Re: virus: Re: virus-digest V1 #51
Sat, 19 Oct 1996 16:32:03 -0500 (CDT)

On Thu, 17 Oct 1996, Reed Konsler wrote:


[from zaimoni@....]
> >It would take some extreme education to increase intelligence. Most
> >education doesn't affect intelligence, just the knowledge base.
> I disagree with this.
> Define intelligence in a testable way. How does the Princeton Review help
> people increase SAT/GRE/LSAT/MCAT scores...they teach you how to psyche out
> the test: provide you with the proper memes, huh? They have a pretty high
> success rate in increasing peoples "intelligence"...if you don't think
> standardized tests measure intelligence (and I don't, either) what should
> we use in place

I do not consider the SAT/GRE/LSAT/MCAT etc. intelligence tests. Having
taken the SAT, I know first-hand that the SAT is a very general
knowledge-base test. It has inadequate resources for testing for raw
speed, and for generic short-term memory capacity. I have no reason to
believe the others are any different. [as you might guess, these are key
to my definition of intelligence.]

As such, it is usually possible to learn how to 'psych out' a
knowledge-based test, by being able to spot obviously wrong answers. I
recall a test to try to evaluate US national performance in math, where I
applied modulo ten arithmetic combined with order of magnitude estimates
to savage the arithmetic section in less than a sixth of the alloted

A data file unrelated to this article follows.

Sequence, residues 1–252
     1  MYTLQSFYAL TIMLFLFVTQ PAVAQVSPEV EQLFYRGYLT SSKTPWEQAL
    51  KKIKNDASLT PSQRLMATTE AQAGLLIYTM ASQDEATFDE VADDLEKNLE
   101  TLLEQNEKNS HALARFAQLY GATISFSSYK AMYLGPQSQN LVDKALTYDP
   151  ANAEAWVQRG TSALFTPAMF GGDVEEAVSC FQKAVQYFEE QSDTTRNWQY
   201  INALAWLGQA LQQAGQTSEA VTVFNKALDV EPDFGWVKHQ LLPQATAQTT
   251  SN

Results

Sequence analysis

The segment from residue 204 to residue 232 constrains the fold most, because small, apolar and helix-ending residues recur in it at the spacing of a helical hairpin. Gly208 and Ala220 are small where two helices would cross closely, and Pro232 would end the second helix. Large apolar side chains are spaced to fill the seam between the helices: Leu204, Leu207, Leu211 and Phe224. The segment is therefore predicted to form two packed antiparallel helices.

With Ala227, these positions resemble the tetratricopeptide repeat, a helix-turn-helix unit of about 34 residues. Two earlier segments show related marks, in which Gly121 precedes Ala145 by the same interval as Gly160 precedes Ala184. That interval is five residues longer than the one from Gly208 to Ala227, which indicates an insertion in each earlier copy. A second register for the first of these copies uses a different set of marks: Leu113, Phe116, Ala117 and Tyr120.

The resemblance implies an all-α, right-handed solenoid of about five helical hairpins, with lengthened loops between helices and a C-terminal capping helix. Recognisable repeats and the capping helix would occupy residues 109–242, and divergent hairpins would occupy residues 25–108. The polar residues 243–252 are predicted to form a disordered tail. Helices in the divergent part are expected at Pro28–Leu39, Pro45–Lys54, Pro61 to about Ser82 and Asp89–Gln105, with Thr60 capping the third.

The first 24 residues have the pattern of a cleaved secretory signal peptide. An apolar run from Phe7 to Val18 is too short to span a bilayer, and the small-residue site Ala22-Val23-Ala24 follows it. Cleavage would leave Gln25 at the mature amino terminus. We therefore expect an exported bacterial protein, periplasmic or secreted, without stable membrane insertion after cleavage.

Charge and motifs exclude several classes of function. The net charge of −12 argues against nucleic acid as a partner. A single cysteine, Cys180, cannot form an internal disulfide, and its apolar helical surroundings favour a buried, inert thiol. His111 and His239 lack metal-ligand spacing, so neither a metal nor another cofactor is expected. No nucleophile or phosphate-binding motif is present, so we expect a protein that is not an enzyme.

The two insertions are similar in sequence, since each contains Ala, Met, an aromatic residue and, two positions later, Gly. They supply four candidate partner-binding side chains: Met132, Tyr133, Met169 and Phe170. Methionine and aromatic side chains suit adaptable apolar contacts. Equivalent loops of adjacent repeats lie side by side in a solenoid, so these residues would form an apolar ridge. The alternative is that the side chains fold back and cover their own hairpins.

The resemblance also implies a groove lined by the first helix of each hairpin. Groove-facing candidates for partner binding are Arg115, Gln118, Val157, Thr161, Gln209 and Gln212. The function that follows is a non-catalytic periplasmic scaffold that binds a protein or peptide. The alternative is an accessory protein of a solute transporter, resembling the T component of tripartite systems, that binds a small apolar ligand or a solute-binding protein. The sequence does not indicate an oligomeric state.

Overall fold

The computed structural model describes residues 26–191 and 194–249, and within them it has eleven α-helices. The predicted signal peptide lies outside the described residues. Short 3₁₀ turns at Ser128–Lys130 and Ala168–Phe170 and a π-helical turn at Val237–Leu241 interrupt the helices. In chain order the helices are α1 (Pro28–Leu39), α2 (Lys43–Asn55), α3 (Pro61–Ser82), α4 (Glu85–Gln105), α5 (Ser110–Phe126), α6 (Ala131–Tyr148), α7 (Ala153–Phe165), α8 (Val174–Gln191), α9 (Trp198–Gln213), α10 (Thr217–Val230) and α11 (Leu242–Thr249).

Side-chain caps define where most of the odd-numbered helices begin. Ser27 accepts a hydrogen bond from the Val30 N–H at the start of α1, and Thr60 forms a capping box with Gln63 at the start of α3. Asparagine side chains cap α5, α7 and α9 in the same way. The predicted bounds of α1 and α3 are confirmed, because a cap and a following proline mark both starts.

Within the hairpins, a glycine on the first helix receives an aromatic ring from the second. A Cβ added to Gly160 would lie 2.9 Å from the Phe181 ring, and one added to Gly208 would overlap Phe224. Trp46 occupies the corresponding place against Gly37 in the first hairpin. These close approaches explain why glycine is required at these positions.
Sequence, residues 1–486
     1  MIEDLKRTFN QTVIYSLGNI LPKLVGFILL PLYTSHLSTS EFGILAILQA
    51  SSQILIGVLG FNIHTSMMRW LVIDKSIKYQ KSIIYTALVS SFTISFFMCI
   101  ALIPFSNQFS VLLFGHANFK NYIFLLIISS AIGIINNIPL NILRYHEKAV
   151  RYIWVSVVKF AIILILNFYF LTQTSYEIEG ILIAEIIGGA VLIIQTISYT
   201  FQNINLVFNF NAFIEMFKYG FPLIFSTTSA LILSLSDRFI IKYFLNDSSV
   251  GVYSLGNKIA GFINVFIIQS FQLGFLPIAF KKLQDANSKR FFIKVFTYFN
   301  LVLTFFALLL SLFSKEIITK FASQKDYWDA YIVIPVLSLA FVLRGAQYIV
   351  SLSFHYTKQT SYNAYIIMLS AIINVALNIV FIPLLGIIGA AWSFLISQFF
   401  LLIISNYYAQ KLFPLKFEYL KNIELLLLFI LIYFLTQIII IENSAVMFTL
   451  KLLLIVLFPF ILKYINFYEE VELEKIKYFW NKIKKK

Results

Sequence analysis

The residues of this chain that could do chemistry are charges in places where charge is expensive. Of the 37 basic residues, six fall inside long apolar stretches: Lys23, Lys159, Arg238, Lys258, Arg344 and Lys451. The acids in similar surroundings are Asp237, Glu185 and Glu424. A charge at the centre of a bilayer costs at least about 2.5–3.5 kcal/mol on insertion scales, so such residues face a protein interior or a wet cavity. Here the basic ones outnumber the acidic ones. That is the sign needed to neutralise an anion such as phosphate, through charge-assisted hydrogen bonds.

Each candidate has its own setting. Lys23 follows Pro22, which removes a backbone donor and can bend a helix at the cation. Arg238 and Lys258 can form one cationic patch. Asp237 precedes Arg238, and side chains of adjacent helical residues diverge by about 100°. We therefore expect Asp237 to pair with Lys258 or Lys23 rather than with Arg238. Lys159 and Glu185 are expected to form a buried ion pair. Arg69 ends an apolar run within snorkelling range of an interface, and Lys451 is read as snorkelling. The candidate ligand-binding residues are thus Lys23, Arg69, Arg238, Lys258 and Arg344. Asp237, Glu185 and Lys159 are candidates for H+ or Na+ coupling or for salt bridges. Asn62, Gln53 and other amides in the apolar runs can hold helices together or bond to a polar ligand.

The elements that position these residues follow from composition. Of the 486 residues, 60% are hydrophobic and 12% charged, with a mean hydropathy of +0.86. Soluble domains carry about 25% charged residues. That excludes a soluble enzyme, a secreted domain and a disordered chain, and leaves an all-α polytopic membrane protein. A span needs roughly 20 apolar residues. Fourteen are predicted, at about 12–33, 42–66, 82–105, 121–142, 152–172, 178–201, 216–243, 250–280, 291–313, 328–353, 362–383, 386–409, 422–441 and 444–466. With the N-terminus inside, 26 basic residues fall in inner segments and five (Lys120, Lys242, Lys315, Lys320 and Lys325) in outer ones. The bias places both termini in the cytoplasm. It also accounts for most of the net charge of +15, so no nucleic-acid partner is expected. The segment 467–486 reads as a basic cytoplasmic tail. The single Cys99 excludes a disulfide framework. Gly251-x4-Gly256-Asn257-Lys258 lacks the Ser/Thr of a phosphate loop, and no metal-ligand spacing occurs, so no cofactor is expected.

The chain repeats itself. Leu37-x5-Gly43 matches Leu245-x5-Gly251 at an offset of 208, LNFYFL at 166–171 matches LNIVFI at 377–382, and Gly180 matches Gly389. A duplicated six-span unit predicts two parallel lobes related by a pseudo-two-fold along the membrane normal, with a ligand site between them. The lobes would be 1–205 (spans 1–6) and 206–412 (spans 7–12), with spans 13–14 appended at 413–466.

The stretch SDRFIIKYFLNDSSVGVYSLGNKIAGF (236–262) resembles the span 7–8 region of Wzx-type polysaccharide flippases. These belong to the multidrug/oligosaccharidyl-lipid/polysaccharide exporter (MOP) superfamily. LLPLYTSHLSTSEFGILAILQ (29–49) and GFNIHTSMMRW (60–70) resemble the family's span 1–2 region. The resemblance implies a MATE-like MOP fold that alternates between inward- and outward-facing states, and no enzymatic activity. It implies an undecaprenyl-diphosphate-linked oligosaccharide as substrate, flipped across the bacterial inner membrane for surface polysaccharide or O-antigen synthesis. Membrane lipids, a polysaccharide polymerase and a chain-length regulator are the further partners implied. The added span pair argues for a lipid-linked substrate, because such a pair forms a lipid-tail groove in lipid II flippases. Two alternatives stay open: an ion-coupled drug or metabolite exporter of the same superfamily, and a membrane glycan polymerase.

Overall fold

time--in the 6th grade. Did I psych out the test, or merely apply
evaluation methods that were highly unconventional to a multiple-choice test?

Any multiple-choice test in physics or chemistry is also vulnerable to
this [possibly requiring college algebra]. I mention this as one of the
things an A in College Algebra is good for, to my College Algebra
students on the first day of class. ["If you flatten this course,
you can still get an A on a low-level physics or chemistry test without a


An intelligence test really should be a psychometric test, covering at least:
Generic short-term memory capacity, before applying mnemonics.
Raw speed of thought. Depending on the psychological model used,
more than one mode may have to be tested.

The paradox [as you mentioned below, in a point I agree with (and
clipped)] is that you need some content in order to test the above two

As such, any so-called intelligence test, if honest, should have a
qualifier as to what culture it is valid for, and any physical
disabilities that interfere with its effectiveness.

For instance, the Stanford-Binet IQ test would be a first-order
approximation for WASP American subculture. Its effectiveness is
suspect in other American subcultures, even. Of course, the arithmetic
subsection is vulnerable to mind-set effects.

Both of the traits I mentioned as minimal coverage for an intelligence
test CAN be changed by education, but they won't change just from
attending class and doing the homework. It is quite possible to get a
Bachelor's degree in most intellectually demanding fields without causing
significant shifts in these traits.


/ Towards the conversion of data into information....
/ Kenneth Boyd